Okay, so lets compare xOBA and wOBA and see how well the numbers match up. Taking all of the batters with 10 or more plate appearances in 2015, I created the following chart comparing xOBA and wOBA for the 2015 season.

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I think we can agree xOBA and wOBA . Unfortunately, wOBA becomes very wonky when batters have fewer than 10 plate appearances, and even going a bit higher than that, wOBA can give pretty chaotic results. If I push up the plate appearance threshold to 30, the R-squared value goes to .848, and if I get rid of the plate appearance requirement altogether it drops to .645. I’m not exactly sure what accounts for the remainder of the variation, especially as plate appearances go up above 30 and 50. Perhaps shifting, park effects, or error introduced by the way horizontal launch angle is calculated.

Alright, enough of all that, how about looking at a few actual players? As of the morning of May 4th, excluding players with fewer than 80 plate appearances, here are my top 10 batters ranked by xOBA:

Expected wOBA Leaders
Name xOBA wOBA Difference
David Ortiz .474 .426 .048
Daniel Murphy .458 .444 .014
Joe Mauer .440 .378 .062
Chris Carter .439 .437 .002
Aledmys Diaz .435 .474 -.039
Brandon Belt .431 .400 .031
Manny Machado .428 .451 -.023
Josh Donaldson .424 .438 -.014
Michael Conforto .422 .421 .001
Bryce Harper .421 .402 .019

There is a lot of agreement between xOBA and wOBA for many of these players. The biggest standout is Mauer, so I pulled up his batted values for the season.

Several of his hits that had a high likelihood of being a home run were caught as fly balls. For instance, he hit a fly ball in the top of the 8th inning on April 7th versus the Orioles, 99mph off the bat, 32 degree launch angle, -24 degrees horizontal angle (left field). Batted balls hit like this are a home run 80% of the time (24/30). Joe Mauer has many batted balls that suffered a similar fate. Another, this time on May 2nd, he hit a ball that had an 85% chance of being a double and a 12% chance of being a single, but was caught for an out. April 15th, he hit a ball that had a 67% chance of being a double and an 11% chance of being a homer, but was caught for an out. If these three batted balls landed for a home run and two doubles, his wOBA would be .425 rather than .378. By the standards of xOBA, Mauer should be having a better season and, if he continues to hit balls the way he has done so to this point, he should, hopefully, produce even better numbers than he has to date.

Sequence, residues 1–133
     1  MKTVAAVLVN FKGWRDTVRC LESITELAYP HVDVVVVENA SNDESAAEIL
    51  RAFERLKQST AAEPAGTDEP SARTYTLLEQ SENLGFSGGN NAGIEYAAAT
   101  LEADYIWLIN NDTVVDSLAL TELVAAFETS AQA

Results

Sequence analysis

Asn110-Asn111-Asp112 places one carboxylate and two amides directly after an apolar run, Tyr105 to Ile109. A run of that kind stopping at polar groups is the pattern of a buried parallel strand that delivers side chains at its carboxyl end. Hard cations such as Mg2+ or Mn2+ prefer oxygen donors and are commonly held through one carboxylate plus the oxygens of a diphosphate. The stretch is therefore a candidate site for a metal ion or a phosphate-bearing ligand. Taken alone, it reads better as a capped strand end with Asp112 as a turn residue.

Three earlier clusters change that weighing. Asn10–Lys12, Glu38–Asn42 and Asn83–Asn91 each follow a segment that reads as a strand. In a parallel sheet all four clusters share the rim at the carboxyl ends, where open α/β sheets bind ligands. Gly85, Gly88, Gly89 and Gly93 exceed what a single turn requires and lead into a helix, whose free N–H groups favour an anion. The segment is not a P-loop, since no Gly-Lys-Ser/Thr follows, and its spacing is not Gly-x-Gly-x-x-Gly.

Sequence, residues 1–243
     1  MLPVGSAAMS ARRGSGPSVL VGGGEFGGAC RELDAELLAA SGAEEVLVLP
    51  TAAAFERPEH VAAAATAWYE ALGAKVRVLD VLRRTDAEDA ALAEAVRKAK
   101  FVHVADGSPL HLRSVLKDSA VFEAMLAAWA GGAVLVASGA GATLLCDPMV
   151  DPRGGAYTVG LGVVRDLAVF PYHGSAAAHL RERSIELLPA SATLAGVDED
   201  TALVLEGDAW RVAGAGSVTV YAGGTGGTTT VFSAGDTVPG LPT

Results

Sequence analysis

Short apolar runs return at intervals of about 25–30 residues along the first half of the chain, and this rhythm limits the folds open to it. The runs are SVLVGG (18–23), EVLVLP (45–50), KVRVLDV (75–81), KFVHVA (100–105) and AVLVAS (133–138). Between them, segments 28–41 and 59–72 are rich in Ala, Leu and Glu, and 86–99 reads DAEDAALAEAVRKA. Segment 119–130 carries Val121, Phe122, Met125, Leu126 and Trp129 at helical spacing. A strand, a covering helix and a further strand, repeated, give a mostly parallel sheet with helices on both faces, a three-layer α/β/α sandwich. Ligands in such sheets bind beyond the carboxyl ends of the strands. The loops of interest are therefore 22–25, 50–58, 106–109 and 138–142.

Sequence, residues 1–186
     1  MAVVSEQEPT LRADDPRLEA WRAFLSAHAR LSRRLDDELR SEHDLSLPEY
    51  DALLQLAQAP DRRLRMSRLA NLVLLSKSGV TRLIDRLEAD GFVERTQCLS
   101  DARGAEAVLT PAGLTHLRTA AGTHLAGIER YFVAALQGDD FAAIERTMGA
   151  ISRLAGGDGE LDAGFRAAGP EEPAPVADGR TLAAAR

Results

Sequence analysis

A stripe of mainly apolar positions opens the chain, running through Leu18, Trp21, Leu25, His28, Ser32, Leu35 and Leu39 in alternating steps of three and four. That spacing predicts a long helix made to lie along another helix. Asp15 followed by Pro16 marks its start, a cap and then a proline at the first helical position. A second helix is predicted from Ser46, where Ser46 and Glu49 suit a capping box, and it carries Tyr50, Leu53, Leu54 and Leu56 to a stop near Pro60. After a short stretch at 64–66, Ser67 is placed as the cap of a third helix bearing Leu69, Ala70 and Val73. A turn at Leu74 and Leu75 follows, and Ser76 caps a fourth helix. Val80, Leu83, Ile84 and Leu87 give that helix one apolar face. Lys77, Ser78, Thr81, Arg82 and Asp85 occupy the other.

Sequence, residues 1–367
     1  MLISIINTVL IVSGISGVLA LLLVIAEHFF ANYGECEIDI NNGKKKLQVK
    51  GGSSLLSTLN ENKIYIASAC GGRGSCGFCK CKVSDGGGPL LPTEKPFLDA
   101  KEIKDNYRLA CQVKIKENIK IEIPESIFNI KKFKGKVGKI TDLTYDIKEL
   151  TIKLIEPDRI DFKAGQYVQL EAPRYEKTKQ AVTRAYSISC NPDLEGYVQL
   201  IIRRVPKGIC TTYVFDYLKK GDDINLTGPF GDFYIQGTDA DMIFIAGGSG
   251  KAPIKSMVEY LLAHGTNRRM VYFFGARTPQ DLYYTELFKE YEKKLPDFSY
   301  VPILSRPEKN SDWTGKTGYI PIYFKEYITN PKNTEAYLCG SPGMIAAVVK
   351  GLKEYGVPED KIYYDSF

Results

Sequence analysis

This is a small taste of the sort of information that can be gleamed from the xOBA stat. Next time I hope to discuss its sister stat, xBABIP.



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Andrew Perpetua is the creator of CitiFieldHR.com and xStats.org, and plays around with Statcast data for fun. Follow him on Twitter @AndrewPerpetua.

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Zachary Kellicutt
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I am interested in seeing the outliers on the wOBA and xOBA graph.

For instance, I would bet that Ortiz’s lack of speed is mostly to blame for the difference between his xOBA and wOBA. It is interesting that compared to wOBA, xOBA is the more pure hitting stat, because wOBA muddies the water with baserunning and BABIP. Faster players will stretch singles into doubles, while players like Ortiz will do the opposite. xOBA won’t see this of course.

Very interesting read. I look forward to hearing about xBABIP!